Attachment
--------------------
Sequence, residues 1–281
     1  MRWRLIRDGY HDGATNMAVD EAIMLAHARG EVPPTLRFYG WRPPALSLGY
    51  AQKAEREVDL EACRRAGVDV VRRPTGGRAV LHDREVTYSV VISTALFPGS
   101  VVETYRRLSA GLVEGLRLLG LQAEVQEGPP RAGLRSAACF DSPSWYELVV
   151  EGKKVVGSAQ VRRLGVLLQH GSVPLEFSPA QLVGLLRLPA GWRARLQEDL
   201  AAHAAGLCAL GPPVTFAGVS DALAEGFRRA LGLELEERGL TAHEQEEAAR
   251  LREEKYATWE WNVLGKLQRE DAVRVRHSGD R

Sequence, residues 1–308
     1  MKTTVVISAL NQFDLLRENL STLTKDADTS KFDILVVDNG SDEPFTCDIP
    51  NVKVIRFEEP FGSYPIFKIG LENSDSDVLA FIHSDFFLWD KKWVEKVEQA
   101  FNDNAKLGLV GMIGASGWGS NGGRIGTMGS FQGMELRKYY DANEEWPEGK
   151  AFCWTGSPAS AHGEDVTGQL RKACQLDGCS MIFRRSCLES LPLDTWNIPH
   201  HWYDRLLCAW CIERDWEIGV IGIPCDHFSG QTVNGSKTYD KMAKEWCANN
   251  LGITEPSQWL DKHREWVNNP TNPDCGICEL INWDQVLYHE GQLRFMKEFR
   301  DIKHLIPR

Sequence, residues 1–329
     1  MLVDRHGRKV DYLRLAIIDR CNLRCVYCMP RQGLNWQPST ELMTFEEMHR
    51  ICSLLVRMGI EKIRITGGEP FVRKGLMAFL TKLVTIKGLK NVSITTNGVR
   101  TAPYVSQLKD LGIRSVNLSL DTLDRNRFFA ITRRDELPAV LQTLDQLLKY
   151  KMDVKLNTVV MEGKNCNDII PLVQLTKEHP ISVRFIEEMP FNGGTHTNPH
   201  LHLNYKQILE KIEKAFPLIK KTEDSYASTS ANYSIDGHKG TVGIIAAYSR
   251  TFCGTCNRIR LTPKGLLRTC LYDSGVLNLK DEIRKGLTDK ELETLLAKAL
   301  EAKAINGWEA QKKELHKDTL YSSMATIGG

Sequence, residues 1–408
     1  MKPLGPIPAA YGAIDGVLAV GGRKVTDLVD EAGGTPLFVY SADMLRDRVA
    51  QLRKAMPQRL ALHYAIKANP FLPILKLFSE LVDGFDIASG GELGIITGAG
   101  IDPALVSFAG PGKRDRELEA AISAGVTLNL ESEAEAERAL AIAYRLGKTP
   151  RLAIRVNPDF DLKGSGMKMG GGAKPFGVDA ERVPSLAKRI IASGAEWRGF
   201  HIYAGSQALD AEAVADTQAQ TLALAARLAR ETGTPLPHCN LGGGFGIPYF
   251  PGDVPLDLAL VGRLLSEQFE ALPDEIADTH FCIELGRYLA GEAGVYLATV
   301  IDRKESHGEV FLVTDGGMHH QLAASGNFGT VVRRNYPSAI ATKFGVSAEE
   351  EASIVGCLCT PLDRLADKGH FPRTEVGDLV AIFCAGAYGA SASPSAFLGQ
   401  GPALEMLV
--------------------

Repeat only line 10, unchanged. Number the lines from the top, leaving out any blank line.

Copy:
    51  NVKVIRFEEP FGSYPIFKIG LENSDSDVLA FIHSDFFLWD KKWVEKVEQA